December 21, 2016
Year end is just about here. You know what that means, right? It’s a great time to settle in by a roaring fire and catch up on reading … your company’s financial statements. One chapter worth a careful perusal is the balance sheet. Therein may lie some important lessons.
3 ratios to consider
In a nutshell, a balance sheet summarizes a company’s assets, liabilities and shareholders’ equity at a specific point in time. Its objective: To provide an accurate snapshot of the financial standing of the business.
Yet a balance sheet can do so much more. There are a number of ratios you can draw from this report, which can help you lay out strategic plans for next year. Here are three to consider:
1. The ratio of current assets to current liabilities. If this ratio falls below 1, the company may struggle to pay bills coming due. Some business experts believe a current ratio of less than 2:1 is problematic. But the ideal ratio varies from industry to industry.
2. Growth in accounts receivable compared to growth in sales. If receivables are growing faster than increases in sales, your company might be building up bad debts or you could be selling to large customers under disadvantageous terms. You may even be the victim of fraud. (Note: Sales are expressed on your income statement, so you’ll need to look at that statement, as well.)
3. Growth in inventory vs. growth in sales. When inventory levels increase at a faster rate than sales, a business is producing products faster than they’re being sold. Or, in the retail industry, a company may be overbuying — an inefficient use of working capital. There can be many mitigating circumstances, however, so it’s critical to determine exactly what’s going on.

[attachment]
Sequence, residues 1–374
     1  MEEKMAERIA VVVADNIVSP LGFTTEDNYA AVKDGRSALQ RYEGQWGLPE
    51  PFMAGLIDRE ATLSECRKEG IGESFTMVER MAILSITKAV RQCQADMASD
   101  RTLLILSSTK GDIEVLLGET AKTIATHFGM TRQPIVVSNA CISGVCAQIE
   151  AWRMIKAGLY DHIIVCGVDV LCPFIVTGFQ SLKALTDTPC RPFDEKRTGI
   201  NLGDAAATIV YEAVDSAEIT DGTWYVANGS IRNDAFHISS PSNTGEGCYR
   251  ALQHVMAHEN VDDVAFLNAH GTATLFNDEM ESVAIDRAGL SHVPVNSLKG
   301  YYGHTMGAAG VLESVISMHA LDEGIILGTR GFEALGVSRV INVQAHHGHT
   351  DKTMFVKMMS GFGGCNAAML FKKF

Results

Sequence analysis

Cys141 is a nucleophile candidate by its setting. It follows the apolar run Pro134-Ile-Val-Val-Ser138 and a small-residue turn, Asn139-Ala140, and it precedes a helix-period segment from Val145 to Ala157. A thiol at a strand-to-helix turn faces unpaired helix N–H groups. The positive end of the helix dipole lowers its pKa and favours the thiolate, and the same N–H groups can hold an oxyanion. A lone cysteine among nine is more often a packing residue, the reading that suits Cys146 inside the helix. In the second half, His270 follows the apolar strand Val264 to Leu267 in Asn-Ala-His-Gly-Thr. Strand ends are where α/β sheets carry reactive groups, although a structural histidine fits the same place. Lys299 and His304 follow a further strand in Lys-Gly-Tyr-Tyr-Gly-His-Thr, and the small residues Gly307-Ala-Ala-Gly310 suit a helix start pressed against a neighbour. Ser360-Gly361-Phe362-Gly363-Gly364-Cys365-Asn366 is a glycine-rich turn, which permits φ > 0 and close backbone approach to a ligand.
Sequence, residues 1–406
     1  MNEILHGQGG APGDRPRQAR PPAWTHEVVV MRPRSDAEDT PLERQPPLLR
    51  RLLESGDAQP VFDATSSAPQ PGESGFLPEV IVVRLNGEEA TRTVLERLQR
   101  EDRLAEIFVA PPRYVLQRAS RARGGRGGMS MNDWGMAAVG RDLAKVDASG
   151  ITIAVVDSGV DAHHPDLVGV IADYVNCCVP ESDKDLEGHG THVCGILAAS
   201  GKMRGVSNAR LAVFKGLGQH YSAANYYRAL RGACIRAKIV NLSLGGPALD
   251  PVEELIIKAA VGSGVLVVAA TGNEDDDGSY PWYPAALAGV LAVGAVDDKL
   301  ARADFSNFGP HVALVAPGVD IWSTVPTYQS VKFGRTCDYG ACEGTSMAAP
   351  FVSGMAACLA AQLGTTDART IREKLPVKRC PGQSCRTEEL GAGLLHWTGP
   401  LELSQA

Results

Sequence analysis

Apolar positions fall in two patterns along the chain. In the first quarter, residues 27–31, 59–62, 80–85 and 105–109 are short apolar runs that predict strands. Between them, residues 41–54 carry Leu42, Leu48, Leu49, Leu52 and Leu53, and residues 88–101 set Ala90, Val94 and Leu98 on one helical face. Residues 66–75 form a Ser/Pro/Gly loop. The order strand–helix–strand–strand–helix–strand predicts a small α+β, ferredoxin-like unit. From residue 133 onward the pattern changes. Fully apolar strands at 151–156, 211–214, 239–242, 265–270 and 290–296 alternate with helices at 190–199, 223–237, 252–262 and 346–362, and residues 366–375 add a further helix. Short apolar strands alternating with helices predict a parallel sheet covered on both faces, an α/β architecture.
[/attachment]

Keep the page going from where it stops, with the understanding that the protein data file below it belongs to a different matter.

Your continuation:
These are just a few things you can learn from your balance sheet. And we haven’t even gotten into the thrilling tales lying within your income statement and statement of cash flow — the other two parts of your financial statements. Please contact our firm for help making the most of this important information.
If you’re among the families with less exposure to estate tax liability post-TCJA, it’s time to adjust your estate planning strategy to concentrate on reducing income taxes. If state income taxes are a concern, one tool to consider is an incomplete nongrantor trust.
Family businesses often depend on their founder to maintain the company’s success. But eventually that owner will have to depart the business. Depending on the circumstances, the family itself may be thrown into chaos. A solid succession plan can help prevent this.
If you’re thinking about giving holiday gifts to employees or customers or throwing a holiday party, be sure to consider the tax consequences, both for you and for the recipients of your generosity.